For the Common Defense by Allan R. Millett, Peter Maslowski, and William B. Fries

The newly revised and expanded third edition of For the Common Defense: A Military History of the United States from 1607 to 2012 has just been published (Free Press, 714 pp., $28, paper). Originally published in 1984 and revised in 1994, this book presents a general history of U.S. military policy from the very beginnings of European settlement on these shores. The authors are Allan R. Millett, a professor of history and the director of the Eisenhower Center for American Studies at the University of New Orleans, and Peter Maslowski, a history professor at the University of Nebraska, Lincoln. William B. Feis, a history professor at Buena Vista University in Iowa, edited the new edition.

The book’s two concise Vietnam War chapters—“In Dubious Battle: Vietnam, 1961-1967” and “The Lost War: Vietnam 1968-1975”—were among those rewritten for the new edition.  Both chapters go over the main threads of the war in some detail and offer excellent summaries of the military, political, and geopolitical aspects of the nation’s second longest and most controversial overseas war.

Allan Millett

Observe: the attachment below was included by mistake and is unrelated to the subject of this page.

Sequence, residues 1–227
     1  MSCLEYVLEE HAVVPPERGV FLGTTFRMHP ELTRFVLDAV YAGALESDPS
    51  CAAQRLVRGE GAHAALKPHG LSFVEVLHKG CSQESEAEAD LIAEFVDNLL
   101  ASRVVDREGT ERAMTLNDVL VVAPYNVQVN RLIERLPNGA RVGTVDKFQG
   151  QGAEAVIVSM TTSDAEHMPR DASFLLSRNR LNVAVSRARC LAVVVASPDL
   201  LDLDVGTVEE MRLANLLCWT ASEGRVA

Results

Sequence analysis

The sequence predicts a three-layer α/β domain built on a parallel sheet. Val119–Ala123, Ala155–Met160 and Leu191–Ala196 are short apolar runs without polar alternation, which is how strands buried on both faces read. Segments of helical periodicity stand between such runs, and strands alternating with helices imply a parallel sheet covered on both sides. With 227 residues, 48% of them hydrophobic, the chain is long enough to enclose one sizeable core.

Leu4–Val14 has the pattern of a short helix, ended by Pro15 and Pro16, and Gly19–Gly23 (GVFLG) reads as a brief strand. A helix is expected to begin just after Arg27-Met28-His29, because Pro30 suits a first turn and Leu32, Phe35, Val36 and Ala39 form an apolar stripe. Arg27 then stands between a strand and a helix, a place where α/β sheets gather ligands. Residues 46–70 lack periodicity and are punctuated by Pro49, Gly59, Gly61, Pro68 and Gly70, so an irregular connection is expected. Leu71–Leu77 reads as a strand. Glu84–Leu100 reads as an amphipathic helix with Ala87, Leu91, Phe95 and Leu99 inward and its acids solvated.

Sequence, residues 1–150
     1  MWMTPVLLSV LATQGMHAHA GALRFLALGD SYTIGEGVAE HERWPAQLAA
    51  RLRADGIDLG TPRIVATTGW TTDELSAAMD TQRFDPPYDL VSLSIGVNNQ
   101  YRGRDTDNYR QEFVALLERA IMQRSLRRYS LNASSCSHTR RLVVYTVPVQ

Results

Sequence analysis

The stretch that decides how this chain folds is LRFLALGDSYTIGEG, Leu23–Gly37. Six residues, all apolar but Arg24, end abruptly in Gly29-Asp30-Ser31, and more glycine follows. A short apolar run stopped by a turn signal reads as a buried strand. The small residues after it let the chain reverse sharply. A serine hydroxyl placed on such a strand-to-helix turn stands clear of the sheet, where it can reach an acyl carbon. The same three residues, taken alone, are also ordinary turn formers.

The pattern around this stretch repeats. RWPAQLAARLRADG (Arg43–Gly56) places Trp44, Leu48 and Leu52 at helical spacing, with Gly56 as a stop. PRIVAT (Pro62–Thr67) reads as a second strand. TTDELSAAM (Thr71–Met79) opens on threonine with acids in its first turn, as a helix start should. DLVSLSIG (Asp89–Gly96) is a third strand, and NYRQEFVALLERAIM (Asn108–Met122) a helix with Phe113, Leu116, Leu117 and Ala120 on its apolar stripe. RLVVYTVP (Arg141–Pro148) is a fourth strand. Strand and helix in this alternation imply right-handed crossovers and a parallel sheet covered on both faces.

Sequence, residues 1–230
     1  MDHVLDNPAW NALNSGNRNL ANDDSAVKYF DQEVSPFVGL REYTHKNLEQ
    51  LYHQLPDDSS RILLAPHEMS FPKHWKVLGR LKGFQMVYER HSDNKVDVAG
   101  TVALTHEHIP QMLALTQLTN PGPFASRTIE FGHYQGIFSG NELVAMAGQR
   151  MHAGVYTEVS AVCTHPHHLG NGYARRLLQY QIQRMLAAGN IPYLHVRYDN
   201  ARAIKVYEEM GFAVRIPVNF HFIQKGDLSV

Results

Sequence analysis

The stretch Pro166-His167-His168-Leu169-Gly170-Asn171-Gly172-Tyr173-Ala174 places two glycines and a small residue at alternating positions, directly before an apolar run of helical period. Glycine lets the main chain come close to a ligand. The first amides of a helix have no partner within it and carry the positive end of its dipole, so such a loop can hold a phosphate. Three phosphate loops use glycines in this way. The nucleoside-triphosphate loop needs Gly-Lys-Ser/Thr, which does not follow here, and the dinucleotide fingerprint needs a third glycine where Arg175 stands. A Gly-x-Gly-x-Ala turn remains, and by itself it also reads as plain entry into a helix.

“Riddled with ambiguities, uncertainties, and paradoxes, the Vietnam War defied easy generalizations,” the authors note. “Pitting North Vietnam and a very substantial number of South Vietnamese against other Southerners, it was both a civil war and an international conflict involving the U.S., China, and the Soviet Union. Moreover, the international situation changed dramatically between 1964 and 1972, as the Chinese-Soviet estrangement became increasingly obvious and U.S. policy moved toward detente with both Communist superpowers.”

The authors perceptively note that generalizations about the war are difficult because—as nearly every Vietnam veteran knows—the war lasted so long and conditions often were markedly different at different times and in different places. As they put it: “What was true in one place was often irrelevant in another because the conflict varied depending on where soldiers were stationed, when they served, and the nature of their assignment.”

As for politics, the Vietnam War, the authors say, “was always about more than the fate of that Southeast Asian country. Three presidents based their decisions as much on domestic political considerations as they did on the war’s exigencies.”